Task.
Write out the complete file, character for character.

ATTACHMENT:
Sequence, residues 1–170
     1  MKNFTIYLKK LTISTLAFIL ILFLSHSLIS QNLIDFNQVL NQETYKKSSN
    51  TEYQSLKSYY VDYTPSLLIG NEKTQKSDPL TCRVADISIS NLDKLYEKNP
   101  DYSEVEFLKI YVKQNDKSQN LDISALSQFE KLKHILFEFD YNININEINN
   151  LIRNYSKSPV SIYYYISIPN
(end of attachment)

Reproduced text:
Sequence, residues 1–170
     1  MKNFTIYLKK LTISTLAFIL ILFLSHSLIS QNLIDFNQVL NQETYKKSSN
    51  TEYQSLKSYY VDYTPSLLIG NEKTQKSDPL TCRVADISIS NLDKLYEKNP
   101  DYSEVEFLKI YVKQNDKSQN LDISALSQFE KLKHILFEFD YNININEINN
   151  LIRNYSKSPV SIYYYISIPN